Monday, 20 August 2012

How to Create Cool Lights with Colour Restore Cool Ash

Creating Ultra-Cool Toned Highlights with Colour Restore Ash

For deeper and more brunette natural bases highlighting the hair can evoke several tonal issues.  Many people find - as darker hair lightens - a substantial degree of heavy warmth can be revealed which can have a rusty or carroty hue which is often hard to disguise with blue shampoos.

A great deal of brunettes have an underlying cool skin tone (this is irrelevant of ethnicity) which can clash with strong (unwanted) warmth within the hair, often making the skin tone look sallow or buttery.   If you are a natural cool toned brunette and wish to have highlights you should optimize the presence of ash within your shade.

Often applying a permanent ash toned colourant to the whole head (after highlights) can cause the darker (non-highlighted hair) to lighten and expose further warmth.  The best approach is to highlight darker hair with bleach and then use a high ash toning product such as Colour Restore Cool Ash.

Colour Restore Cool Ash contains a deep level of neutralising ash and silver pigment which will turn lightened coppery or warm blondes to a solid neutral to high beige tone.  These cool toned highlights will intermix with the natural (darker) depth and created an overall ash shade which harmonises with skin tone and any (original) natural hair colour present.

There are two methods you can apply and work with Colour Restore Cool Ash:-

Using Colour Restore Cool Ash for Cool Lights At Home

You will need:-

1. Always start with dry and clarified hair. Put on the highlighting cap and pull through a mixture of hair throughout the top and side sections of the head.

2. Mix and apply the bleach and leave to develop (as instructed in the Jerome Russell kit). Darker natural bases will often require around 70 minutes to lighten the hair sufficiently.

3. Once the hair has lightened sufficiently, leave the cap on and begin rinsing off the bleach with warm water. Do this for around 5 minutes.

4. With the cap still on, apply the Colour Restore Cool Ash to the highlights and work through the hair. Leave for around 5 to 10 minutes and remove the cap. The Colour Restore Ash contains a conditioning base and will enable the cap to be removed smoothly.

5. Apply a small amount of the Jerome Russell tone and condition throughout the hair and finish.

Colour Restore Cool Ash will work relatively quickly to tone freshly bleached areas of the hair. However, if you desire a deeper ash you can re-apply the product and leave for a full 20 minutes. Colour Restore Cool Ash can then be used as part of your regular hair care regime in conjunction with a blue shampoo to keep your highlights ultra-cool.

Using Colour Restore Cool Ash At the Salon

If you have your highlights undertaken in a salon with bleach and foils, you can take Cool Ash to your appointment.   

The colourists will just need to highlight your hair with bleach and foils in the usual way.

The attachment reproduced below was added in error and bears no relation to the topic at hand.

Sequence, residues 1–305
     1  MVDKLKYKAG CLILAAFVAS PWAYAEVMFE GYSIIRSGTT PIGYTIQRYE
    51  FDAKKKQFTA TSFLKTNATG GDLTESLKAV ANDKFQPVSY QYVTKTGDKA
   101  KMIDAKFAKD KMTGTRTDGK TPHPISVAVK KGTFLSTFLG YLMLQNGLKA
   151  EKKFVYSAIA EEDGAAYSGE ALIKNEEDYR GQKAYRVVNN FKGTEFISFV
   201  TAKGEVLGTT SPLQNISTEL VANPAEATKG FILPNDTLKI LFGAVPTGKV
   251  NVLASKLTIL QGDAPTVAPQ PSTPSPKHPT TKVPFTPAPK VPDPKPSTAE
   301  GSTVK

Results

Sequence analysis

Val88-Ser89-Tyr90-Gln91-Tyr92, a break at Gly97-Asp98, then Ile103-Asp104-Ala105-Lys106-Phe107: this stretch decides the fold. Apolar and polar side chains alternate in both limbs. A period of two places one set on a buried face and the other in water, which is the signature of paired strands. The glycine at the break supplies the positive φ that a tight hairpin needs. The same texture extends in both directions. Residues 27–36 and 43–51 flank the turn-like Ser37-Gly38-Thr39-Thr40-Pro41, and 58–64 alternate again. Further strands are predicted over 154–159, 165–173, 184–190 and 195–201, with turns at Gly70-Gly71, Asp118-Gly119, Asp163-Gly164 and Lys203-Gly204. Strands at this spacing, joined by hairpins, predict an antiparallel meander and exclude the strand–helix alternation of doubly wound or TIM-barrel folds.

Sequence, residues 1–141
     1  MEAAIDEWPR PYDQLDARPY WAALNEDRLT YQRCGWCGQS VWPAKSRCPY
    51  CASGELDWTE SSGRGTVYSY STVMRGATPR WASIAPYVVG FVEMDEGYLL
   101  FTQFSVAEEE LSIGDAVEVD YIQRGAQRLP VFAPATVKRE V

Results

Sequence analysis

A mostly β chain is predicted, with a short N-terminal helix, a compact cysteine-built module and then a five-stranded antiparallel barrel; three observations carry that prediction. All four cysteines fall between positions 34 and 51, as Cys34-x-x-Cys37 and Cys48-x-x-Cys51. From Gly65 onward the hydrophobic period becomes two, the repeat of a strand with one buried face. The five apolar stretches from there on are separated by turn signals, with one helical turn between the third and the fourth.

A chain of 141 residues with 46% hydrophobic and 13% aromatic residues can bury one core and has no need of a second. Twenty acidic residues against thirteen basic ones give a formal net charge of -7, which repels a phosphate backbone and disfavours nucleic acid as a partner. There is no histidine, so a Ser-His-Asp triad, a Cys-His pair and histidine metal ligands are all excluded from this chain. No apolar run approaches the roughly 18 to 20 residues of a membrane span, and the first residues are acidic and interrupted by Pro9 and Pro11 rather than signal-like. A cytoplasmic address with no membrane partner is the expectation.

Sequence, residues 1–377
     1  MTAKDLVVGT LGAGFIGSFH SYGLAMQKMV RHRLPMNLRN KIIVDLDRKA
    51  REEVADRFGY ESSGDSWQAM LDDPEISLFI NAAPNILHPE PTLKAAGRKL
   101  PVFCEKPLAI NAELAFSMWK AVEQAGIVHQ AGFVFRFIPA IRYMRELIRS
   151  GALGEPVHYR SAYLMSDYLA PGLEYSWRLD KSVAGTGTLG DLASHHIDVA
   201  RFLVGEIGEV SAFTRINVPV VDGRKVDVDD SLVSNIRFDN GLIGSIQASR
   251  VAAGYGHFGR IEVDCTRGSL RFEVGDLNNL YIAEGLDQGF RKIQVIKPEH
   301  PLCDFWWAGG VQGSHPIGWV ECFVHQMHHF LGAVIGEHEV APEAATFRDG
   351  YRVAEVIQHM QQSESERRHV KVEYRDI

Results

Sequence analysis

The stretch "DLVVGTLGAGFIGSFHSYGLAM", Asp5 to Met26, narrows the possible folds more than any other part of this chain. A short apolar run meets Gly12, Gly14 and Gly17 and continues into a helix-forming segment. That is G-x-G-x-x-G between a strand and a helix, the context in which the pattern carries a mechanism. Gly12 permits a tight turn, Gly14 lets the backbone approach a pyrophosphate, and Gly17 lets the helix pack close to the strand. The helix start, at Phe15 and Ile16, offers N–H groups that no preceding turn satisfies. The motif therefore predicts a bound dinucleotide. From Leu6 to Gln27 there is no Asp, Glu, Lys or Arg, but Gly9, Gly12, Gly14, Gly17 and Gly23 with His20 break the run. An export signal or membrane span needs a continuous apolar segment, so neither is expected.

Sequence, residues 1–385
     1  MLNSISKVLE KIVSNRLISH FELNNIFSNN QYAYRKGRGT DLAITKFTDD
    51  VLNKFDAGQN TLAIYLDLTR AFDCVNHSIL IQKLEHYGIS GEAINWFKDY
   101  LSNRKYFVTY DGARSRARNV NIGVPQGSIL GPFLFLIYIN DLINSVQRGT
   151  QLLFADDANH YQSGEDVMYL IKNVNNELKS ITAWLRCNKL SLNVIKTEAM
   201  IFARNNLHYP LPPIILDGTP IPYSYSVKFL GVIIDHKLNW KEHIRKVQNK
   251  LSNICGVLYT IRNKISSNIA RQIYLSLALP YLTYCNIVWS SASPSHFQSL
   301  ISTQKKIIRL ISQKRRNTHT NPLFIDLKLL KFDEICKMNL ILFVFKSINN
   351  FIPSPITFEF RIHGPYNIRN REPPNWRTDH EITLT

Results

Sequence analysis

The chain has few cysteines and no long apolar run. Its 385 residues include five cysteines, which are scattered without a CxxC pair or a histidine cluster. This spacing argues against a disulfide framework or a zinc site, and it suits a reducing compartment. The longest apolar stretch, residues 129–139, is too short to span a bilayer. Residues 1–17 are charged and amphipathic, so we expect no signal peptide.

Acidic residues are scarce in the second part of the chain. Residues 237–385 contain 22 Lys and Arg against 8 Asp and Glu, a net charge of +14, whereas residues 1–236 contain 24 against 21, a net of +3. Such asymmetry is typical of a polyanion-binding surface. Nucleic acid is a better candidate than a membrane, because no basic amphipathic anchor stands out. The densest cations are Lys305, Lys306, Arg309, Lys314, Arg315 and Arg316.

At the backwash, after removing the foils and rinsing for several minutes, your colourist can firstly shampoo with their regular Colour rinsing cleanser and then apply Cool Ash throughout the hair (as a conditioner) and leave for 10 minutes.   

The hair will then be toned and conditioned.   You can then intensify the cool tone (at home if you choose) by applying Colour Restore Ash as either a 2 minute conditioner (following application of a regular use silver shampoo) or a once weekly for a 20 minute intense tonal application.

Some Pointers for using Colour Restore Cool Ash
  • Colour Restore products work exceptionally well on newly highlighted and bleached hair. However if you apply a conditioner immediately prior to Colour Restore it will create a barrier on the hair which will prevent the pigments from entering. For Cool Lights methods always apply Colour Restore immediately after rinsing the bleach..
  • Colour Restore Cool Ash can be built up in the hair with regular use as a standard conditioner. Be aware that very silicone rich shampoos could also create a barrier which prevents the product working, so for best results use a blue or clear shampoo for deep tonal absorption immediately prior. 
  • If you have achieved an unwanted warm result from an artificial permanent hair colourant. Remember many colourant products include a sealant conditioner to prevent the artificial colour from fading. Therefore, this sealant conditioner must be removed from the hair (with a clarifier) prior to using Colour Restore. 
  • Colour Restore Cool Ash will not damage the hair and contains no peroxide or ammonias and has a conditioning base. You can use as much or as little as you wish, if you find the tone is becoming too cool or silverized simply use a clarifying shampoo several times to reduce the pigment.

Friday, 10 August 2012

What does Ammonia do in Hair Colours?

Many people realise the term ‘No Ammonia’ in hair products typically means the item is kinder to the hair.  But do people know what ammonia does to the hair and when it is required?

The Science

Ammonia is an alkaline chemical that is used in hair colouring to open the cuticle and swell the hair shaft.  Ammonia will also increase activation of peroxide (which enables colour molecules to affix inside the hair). You can recognise ammonia (within a product) by a strong gas that is released when you open the colourant tube or bottle.

Negatives of Ammonia

Because ammonia opens the cuticle and swells the hair shaft (during colouring) it can, with continued use, cause the hair to become damaged and compromised. This continual swelling of the hair and opening of the cuticle can lead to cuticle damage, colour grabbing (and then colour fading) and a general decline in condition.